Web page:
Pictures of Idolatry
Isaiah 57:3-10
But draw near here, you sons of the sorceress, the seed of the adulterer and the whore.…

The idolaters are summoned to hear the judgment upon them. They are characterized as "sons of a sorceress, seed of an adulterer." The source of all idolatry is unfaithfulness to God regarded as the Husband of his people (Ezekiel 16:44, 45). Yet, in their pride, these idolaters make sport of and scoff at the true servants of God.

I. THE RITES OF IDOLATRY. There were enthusiastic orgies in the sacred groves of oak and in the gardens (Isaiah 1:29; Ezekiel 6:13; Hosea 4:13). There were sacrifices of children to Moloch. There were fetish-stones, which were anointed with oil, and these continued to be devoted to heathen uses. And Israel, having by covenant a "portion," or property, so to speak, in God, has exchanged this for the senseless stones; and to these food-offerings are made. The pictures of Phoenician, Israelitish, and Greek superstitions are in this respect much the same. Jehovah, in that jealousy which is the expression of a holy love, is deeply grieved by these things.

II. THE PROFLIGACY OF IDOLATRY. On the high hills shrines were erected, and tombs are still seen upon them, overshadowed by the tree on which votive offerings hang. Saints or prophets have replaced the old gods. Here idolatrous symbols were set up. And idolatry polluting politics, the people negotiated and coquetted with heathen powers, and humbled themselves to the lowest servility. And yet these negotiations and journeys had been in vain. For all that, the attempts had been renewed. "It is a striking illustration of men seeking happiness away from God. They wander from object to object; become weary in the pursuit, yet do not renounce it; still cling to hope, though often repulsed; though the world gives them no permanent comfort, though wealth, ambition, and gaiety, all fail of imparting happiness, - yet they do not give up the pursuit in despair. The world is still pursued with just as little success, with continually augmenting evidence that it cannot satisfy the desires of the immortal soul, with just as much reluctance to seek permanent bliss in God."

III. DIVINE REMONSTRANCE. The tone is one of gentleness and softness. "Who is there so strong and so terrible as to justify thee in thy infidelity to Jehovah? None." Yet there may be some excuse for them in his long silence. Passed over again and again, it might seem that God had forgotten to be gracious - that they were hidden from him. But now he will draw near again: "The speech of mingled mercy and judgment shall work more effectually on the heart" (cf Isaiah 46:13; Psalm 22:31; Psalm 98:2). Or the words may be taken ironically - it depends on whether we read "my righteousness" or "thy righteousness." In the coming trial, no help but Jehovah's will avail thee. "Her medley of gods" will not deliver her - the Pantheon of various divinations set up by her (cf. Micah 1:7). The wind shall carry them off like all dwellings and defences of merely human structure (cf. Matthew 7:26, 27).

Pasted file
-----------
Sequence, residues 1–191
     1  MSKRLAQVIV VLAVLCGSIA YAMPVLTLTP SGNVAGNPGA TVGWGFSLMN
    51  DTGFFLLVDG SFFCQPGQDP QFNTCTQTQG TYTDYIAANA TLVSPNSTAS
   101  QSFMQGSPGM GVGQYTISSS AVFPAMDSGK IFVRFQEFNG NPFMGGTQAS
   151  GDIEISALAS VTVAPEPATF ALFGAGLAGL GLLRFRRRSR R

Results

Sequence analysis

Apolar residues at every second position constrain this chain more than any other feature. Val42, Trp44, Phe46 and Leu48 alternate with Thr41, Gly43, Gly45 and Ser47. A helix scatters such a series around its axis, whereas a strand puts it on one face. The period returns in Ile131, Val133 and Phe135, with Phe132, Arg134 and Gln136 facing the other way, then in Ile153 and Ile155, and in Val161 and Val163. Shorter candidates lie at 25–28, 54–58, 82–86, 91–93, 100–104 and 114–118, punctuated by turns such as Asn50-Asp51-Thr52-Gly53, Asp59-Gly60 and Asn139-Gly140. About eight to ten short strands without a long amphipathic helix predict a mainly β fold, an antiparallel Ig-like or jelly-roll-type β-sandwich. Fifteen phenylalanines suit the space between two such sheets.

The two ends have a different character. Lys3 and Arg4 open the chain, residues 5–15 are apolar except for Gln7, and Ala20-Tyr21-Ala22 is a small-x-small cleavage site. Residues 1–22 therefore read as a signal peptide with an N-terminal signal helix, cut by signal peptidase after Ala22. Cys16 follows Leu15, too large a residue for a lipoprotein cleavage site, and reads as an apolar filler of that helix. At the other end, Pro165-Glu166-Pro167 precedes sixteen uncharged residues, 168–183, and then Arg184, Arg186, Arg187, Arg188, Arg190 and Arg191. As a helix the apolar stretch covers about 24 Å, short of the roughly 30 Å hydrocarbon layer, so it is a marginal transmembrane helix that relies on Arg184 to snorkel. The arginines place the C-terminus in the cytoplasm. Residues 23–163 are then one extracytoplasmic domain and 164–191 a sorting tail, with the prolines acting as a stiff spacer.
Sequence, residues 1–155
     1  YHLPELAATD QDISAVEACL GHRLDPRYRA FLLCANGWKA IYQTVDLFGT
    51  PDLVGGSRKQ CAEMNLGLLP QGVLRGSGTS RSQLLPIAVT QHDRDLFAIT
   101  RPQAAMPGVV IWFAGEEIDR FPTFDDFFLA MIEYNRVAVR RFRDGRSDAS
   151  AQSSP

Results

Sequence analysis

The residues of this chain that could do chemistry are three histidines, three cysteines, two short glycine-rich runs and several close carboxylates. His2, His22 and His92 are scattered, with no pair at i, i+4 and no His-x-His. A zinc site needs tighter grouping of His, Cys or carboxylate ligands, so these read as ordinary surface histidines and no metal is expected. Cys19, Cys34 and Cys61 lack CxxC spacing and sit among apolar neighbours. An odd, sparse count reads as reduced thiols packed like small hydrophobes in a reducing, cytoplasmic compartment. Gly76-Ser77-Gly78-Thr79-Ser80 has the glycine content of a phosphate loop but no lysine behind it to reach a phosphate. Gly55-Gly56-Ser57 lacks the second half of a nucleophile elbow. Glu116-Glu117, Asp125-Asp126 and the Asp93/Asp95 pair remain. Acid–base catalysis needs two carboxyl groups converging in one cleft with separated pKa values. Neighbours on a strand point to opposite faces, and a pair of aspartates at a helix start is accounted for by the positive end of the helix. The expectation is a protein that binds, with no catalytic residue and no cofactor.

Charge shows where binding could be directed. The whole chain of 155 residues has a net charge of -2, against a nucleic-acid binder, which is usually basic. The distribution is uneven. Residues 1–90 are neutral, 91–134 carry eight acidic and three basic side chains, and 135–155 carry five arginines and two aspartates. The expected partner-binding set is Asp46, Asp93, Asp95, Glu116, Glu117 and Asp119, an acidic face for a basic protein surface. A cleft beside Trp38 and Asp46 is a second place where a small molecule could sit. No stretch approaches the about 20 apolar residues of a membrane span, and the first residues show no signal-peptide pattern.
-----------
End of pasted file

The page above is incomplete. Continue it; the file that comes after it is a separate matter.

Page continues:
IV. ETERNAL ASSURANCE. "To take refuge in Jehovah," in the Eternal, is the only safety, the only guarantee of stability and possession, amidst the flux and change of things. To say that they shall "possess the land" is to say, according to the manner of the Hebrew, everything that denotes favour for this life (Isaiah 49:8; Psalm 37:11, 29; cf. Matthew 5:5; Psalm 69:35, 36). And to "inherit the holy mountain" is to enter upon all spiritual privileges and joys - "as great as if they had possession of a portion of the mount on which the temple was built, and were permitted to dwell there." And then mysterious voices are heard, hinting that all obstacles shall be removed from the path of those who trust in God. The language is suitable to the return from exile, as if persons should go before them, crying, "Cast up!" So before a pacha the labourers go and remove stones out of the way, with the cry," Cast up the way; remove the stones!" (cf. Isaiah 26:7; Isaiah 35:8; Isaiah 40:3, 4; Isaiah 62:10). He who places obstacles in the path (Jeremiah 6:21) is he who gives command in his own time for their removal. War and peace, welfare and hindrances to welfare, are from the same hand. - J.

Parallel Verses
KJV: But draw near hither, ye sons of the sorceress, the seed of the adulterer and the whore.

WEB: "But draw near here, you sons of the sorceress, the seed of the adulterer and the prostitute.

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